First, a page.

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Iron-on edgebanding, the woodworking equivalent of the microwave meal

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Blog entry by bunkie posted 11-02-2009 02:55 PM 1835 reads 0 times favorited 4 comments Add to Favorites Watch

Yes, we’ve all been there, falling for the instant product whose convenience makes it irresistable, but which always delivers less than it promises.

I’m currently mid-way through a major project to build a full set of kitchen cabinets. Being a modern Scandinavian-American sort of guy, I like the stark look of clean lines so I went with a European frameless design for the cabinets. I’m using maple plywood (with veneer so thin that it’s more like “essence of maple” than actual veneer). That means that I have miles of plywood edging to hide. So I’ve turned to iron-on edgebanding.

I’ve actually used this stuff for years on various projects. As such, I’ve grown quite familiar with it. I have a few suggestions for trimming off the excess.

First, I’ve found that the gizmo made specifically to do this job has a couple of problems. First, it tends to tear the banding along the grain resulting in part of the plywood edging being exposed. Second, it doesn’t get completely into corners.

Resist the temptation to use a block plane. With plywood veneer being so thin these days, this is almost a guaranteed failure as you will take off too much material. The same goes for all but the most careful use of chisels.

So what works for me? I use the sawblade from an Olfa hobby saw. I don’t use the saw itself, just the blade. blade appears to be about 20 teeth per inch and is about 5 inches long and 2 inches wide. With a little practice, you can saw off almost all of the excess banding leaving almost nothing behind. I register the saw against the plywood and as I’m cutting, I flex it so that I cut the slightest chamfer. It’s important to back off the blade on the return stroke so as to prevent the banding from pulling away from the plywood.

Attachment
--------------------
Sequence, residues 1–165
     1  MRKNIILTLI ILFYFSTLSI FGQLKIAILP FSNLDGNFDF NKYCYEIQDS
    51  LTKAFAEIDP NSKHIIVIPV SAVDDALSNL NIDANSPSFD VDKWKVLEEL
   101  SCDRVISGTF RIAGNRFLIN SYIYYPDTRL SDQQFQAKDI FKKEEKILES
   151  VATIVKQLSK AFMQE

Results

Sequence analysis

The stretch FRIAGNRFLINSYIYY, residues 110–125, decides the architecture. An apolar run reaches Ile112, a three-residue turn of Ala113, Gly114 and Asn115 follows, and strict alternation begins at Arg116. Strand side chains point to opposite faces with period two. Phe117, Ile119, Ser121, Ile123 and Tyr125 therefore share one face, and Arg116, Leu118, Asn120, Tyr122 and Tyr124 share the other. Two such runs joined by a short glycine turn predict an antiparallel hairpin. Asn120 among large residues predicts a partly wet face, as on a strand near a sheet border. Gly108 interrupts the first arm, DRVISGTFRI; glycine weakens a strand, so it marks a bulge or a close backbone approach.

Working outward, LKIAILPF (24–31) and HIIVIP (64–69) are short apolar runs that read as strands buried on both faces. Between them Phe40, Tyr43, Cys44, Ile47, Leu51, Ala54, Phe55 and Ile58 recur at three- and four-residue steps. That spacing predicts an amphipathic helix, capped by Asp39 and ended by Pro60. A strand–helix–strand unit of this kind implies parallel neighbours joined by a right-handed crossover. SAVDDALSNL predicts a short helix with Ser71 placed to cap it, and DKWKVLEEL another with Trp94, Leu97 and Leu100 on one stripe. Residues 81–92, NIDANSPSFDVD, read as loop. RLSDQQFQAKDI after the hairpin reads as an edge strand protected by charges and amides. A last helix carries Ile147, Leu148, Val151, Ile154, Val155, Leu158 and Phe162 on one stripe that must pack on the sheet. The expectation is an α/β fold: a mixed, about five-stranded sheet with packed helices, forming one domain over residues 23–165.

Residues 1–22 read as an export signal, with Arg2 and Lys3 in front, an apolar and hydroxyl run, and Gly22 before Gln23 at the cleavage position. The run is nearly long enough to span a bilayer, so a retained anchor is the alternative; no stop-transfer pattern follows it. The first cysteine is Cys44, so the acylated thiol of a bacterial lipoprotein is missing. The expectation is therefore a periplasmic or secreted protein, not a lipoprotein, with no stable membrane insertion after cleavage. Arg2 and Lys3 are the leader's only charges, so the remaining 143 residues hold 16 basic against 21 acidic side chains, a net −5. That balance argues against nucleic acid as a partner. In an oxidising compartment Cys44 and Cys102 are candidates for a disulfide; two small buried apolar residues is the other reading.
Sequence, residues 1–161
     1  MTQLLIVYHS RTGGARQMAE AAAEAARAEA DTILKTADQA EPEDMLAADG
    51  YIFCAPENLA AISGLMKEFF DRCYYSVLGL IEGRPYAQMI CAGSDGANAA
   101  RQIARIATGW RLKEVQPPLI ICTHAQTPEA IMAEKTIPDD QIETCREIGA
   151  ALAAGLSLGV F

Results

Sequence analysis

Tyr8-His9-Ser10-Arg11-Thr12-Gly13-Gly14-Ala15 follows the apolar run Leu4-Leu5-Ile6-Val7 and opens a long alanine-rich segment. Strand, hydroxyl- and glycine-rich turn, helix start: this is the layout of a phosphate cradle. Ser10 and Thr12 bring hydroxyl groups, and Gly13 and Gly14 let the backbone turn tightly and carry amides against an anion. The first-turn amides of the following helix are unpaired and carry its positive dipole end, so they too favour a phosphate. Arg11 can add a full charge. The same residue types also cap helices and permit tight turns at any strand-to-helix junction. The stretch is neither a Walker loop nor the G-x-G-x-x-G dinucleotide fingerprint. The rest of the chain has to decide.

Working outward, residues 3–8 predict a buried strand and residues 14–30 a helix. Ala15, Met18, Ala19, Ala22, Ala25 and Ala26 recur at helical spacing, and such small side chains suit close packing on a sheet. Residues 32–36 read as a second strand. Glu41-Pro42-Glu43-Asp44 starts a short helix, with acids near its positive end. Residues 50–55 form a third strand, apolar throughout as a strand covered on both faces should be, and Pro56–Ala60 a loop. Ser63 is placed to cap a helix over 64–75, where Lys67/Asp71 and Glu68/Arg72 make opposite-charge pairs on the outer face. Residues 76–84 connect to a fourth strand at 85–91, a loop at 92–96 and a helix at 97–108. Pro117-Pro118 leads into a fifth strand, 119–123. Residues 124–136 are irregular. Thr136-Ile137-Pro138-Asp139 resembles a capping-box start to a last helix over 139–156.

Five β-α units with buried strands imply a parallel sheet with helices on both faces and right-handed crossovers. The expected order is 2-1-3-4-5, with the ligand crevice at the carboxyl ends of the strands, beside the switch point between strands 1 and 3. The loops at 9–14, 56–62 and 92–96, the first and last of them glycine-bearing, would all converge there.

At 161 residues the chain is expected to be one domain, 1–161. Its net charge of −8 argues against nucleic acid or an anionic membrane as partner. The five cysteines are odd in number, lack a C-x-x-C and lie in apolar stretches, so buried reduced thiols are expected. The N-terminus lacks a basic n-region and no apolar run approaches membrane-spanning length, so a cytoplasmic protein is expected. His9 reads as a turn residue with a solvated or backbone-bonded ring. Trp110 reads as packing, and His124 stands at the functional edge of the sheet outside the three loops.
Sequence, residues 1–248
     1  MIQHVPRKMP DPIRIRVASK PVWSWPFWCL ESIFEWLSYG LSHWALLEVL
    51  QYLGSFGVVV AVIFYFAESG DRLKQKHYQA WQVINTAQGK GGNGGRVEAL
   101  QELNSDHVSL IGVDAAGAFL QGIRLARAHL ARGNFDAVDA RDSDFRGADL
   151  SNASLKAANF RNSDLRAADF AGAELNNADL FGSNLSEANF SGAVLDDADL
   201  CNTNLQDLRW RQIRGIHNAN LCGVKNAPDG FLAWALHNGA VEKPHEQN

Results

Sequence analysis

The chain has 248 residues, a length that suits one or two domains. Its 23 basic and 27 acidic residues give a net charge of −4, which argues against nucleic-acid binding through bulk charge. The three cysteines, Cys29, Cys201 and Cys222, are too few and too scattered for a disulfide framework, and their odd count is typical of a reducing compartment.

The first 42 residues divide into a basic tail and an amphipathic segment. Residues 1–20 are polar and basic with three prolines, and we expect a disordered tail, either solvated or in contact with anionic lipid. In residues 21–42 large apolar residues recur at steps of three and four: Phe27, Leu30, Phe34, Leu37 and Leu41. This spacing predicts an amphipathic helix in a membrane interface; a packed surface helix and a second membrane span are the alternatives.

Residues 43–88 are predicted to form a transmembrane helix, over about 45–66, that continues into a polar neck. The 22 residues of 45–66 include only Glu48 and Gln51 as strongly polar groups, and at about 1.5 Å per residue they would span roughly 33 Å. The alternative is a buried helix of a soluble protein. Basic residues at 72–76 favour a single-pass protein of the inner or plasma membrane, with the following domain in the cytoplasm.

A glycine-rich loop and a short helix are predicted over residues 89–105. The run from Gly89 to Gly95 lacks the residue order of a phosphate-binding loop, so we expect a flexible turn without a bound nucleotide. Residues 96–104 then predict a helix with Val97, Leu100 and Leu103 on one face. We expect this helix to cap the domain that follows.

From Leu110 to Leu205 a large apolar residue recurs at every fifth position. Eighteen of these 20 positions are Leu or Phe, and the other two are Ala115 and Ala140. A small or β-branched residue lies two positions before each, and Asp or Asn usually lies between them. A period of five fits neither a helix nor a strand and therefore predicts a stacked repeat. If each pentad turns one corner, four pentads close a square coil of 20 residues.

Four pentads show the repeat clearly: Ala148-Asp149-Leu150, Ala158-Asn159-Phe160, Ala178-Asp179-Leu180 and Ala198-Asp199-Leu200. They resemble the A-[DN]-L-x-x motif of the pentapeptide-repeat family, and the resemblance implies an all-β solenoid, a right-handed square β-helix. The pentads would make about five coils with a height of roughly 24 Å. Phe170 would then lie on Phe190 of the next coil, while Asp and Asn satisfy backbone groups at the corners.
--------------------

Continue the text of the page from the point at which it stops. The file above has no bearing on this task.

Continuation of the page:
-- Altruism is, ultimately, self-serving



4 comments so far

View eastside's profile

eastside

94 posts in 2010 days


#1 posted 11-02-2009 03:06 PM

Bunkie I have had the same problem of it following the grain when using the products sold in the stores. They work well on the colored tape with no grain but not on wood. What I do is put a new blade in the utility knife and cut from under the tape like you do and press down on the top of the tape with a small scrap of wood about 4 or 5 inches long just big enough to hold in your hand. Then dray the knife and the block at the same time towards you in a light stroke. Two swipes and its cut.

-- Mike, Westport MA.

View RKW's profile

RKW

326 posts in 2196 days


#2 posted 11-02-2009 11:32 PM

ive never used banding, i prefer hardwood edges. Is there any benefit to the iron on stuff other than convienance and speed?

-- RKWoods

View bunkie's profile

bunkie

411 posts in 1895 days


#3 posted 11-03-2009 02:09 AM

RKW,

None that I can think of. But when you have 200+ lineal feet of plywood edges to deal with, those two benefits loom large.

-- Altruism is, ultimately, self-serving

View Phred's profile

Phred

53 posts in 2469 days


#4 posted 11-03-2009 03:37 AM

I just ran into the same problem myself.. although my brother was helping, and he wasn’t to worried about the banding tearout as I was… So.. now I have to re-do half of it.

Eastside, I like the idea of the knife, I was just searching for a better way to trim that stuff! :)

And.. after the first kitchen that I did where I glued on 1/4” thick edgebanding, then routered it flush.. yes.. I am using Iron-on, and yes.. it saves TONS of time…....

Next time I will charge more money for the 1/4” thick edgebanding…......

-- But honey.. this new power tool will pay for itself when we re-do the kitchen!

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